Ukraine's President Zelenskiy demanded Iran pay compensation and a full investigation over the downing of the Ukrainian passenger jet, while Germany called for measures to prevent such a disaster in the future.
President Volodymyr Zelenskiy on Saturday said Ukraine expected a full investigation and compensation from Iran, after Tehran said it "unintentionally" shot down a Ukrainian passenger jet, killing all 176 people board.
After mounting international pressure, Iran earlier on Saturday voiced regret over firing at the passenger plane in "error" amid heightened US tensions.
Iran had initially denied bringing down the aircraft.
'Bring justice to those responsible'
In a Facebook post, the Ukrainian leader said that the truth about the tragedy had been revealed and insisted on a "full admission of guilt."
"Iran has pleaded guilty to crashing the Ukrainian plane. But we insist on a full admission of guilt," he said.
He then made a series of demands, including compensation and full cooperation with Ukrainian investigators.
"We expect from Iran assurances of their readiness for a full and open investigation, bringing those responsible to justice, the return of the bodies of the dead, the payment of compensation, official apologies through diplomatic channels," he said.
World leaders respond
Canadian Prime Minister Justin Trudeau on Saturday also acknowledged Iran's admission, saying his government remained focused on closure and justice for the families of the victims, adding that Canadian investigators will continue to cooperate with Iran.
At least 63 of the victims were Canadian.
"This is a national tragedy, and all Canadians are mourning together," he said.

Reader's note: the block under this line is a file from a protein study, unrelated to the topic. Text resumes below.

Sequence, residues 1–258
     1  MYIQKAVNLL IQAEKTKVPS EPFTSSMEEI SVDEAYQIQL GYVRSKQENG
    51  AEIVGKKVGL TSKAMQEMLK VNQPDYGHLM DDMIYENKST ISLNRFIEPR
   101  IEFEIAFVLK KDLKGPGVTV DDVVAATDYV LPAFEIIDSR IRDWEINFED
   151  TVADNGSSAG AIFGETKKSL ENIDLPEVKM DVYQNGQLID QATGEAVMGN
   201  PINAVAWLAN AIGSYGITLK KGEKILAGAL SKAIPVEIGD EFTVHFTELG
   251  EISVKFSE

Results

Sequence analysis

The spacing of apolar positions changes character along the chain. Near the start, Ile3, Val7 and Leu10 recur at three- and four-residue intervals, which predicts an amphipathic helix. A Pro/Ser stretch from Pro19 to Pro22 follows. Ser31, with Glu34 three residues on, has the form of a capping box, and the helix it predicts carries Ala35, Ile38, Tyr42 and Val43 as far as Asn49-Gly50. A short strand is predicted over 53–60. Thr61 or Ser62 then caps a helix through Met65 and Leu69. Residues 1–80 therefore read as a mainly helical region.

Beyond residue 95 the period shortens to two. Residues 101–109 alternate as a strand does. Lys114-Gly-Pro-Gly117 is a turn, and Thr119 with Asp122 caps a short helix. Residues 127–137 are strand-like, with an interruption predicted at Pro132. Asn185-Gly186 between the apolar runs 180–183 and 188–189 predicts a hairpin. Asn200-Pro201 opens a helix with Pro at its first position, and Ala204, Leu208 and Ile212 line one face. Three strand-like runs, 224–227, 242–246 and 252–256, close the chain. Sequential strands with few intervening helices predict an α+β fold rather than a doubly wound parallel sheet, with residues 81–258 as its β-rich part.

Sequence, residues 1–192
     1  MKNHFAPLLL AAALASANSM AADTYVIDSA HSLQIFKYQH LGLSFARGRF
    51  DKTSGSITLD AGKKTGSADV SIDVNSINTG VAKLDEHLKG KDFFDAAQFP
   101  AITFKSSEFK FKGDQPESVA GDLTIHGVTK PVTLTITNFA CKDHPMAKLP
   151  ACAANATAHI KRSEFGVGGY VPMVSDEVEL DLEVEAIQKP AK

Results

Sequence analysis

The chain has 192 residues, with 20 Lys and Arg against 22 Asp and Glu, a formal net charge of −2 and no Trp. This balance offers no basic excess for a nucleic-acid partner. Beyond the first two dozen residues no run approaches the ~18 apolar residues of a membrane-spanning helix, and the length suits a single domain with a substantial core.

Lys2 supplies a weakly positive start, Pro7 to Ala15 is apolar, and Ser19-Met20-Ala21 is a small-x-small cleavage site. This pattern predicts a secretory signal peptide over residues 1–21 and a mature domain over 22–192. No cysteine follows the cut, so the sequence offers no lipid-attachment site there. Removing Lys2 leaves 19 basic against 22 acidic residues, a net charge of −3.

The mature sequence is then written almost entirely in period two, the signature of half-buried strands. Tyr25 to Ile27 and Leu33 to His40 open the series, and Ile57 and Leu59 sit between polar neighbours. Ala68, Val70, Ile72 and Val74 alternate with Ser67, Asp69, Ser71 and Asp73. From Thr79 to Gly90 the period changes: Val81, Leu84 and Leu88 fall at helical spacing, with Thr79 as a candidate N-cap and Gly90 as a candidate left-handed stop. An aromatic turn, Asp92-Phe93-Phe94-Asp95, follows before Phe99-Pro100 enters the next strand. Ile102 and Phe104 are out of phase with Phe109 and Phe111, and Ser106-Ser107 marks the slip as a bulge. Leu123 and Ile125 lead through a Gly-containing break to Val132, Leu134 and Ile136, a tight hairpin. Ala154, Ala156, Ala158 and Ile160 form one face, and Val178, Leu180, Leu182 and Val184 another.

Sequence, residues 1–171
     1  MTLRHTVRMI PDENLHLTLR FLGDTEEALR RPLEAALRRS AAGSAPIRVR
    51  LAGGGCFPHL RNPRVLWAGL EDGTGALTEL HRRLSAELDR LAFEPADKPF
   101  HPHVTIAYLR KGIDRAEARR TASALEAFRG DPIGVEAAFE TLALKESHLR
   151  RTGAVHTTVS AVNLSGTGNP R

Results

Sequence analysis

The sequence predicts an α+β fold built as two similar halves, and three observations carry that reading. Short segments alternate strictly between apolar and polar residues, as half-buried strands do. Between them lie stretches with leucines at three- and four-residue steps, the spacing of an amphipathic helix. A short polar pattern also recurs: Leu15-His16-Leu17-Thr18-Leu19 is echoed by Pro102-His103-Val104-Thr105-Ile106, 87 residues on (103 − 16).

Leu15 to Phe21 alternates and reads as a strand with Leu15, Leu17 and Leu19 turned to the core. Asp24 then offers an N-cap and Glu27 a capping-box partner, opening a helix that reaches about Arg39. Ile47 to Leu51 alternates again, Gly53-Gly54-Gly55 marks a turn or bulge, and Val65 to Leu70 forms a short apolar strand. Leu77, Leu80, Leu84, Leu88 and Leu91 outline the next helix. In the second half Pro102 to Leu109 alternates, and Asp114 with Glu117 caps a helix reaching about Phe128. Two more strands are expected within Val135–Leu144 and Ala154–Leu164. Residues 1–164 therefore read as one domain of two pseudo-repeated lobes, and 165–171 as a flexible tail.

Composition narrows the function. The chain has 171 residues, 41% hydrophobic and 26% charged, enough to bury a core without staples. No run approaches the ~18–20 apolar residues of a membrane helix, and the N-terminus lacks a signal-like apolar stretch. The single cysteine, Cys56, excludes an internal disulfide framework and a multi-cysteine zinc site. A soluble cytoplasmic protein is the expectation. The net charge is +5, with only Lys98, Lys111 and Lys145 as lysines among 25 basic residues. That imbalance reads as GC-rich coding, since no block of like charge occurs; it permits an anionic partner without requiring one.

Swedish Prime Minister Stefan Lofven spoke out to condemn the downing of the plane. 10 Swedish citizens and a further seven people who lived in Sweden died in the crash.
"The fact that a plane was shot down is terrible and horrifying. To have a civil aircraft shot down—whether accidentally or not—is an act that must be condemned and Iran must take full responsibility also in relation to those affected," he said.
German Foreign Minister Heiko Maas called on Iran to prevent such a "catastrophe" from happening in the future.
"It was important that Iran brought clarity to this issue," he told German media on Saturday.
"Now Tehran needs to draw the right consequences in the continued appraisal of this dreadful catastrophe, and take measures to ensure that something like this cannot happen again."
Four of the victims, among them a recognized asylum seeker from Afghanistan and her two children, had been living in Germany, though they did not hold German citizenship.
British Prime Minister Boris Johnson described Iran's admission as an "important first step" and that "this tragic accident only reinforces the importance of de-escalating tensions in the region. It is vital that all leaders now pursue a diplomatic way forward."
"We will do everything we can to support the families of the four British victims and ensure they get the answers and closure they deserve," he added in a statement.
Ukraine Airlines: 'These were our best guys and girls'
The head of Ukraine International Airlines, the company that operated the doomed jet, said Saturday that he knew from the beginning the crew and plane weren't the cause of the disaster.
"We didn't doubt for a second that our crew and our plane couldn't be the cause for this horrible plane crash," said company chief Yevhenii Dykhne in a statement on social media.
"These were our best guys and girls. The best."
Eleven Ukrainians, nine of them crew members, died in the crash.
kp, jsi/stb (Reuters, AFP)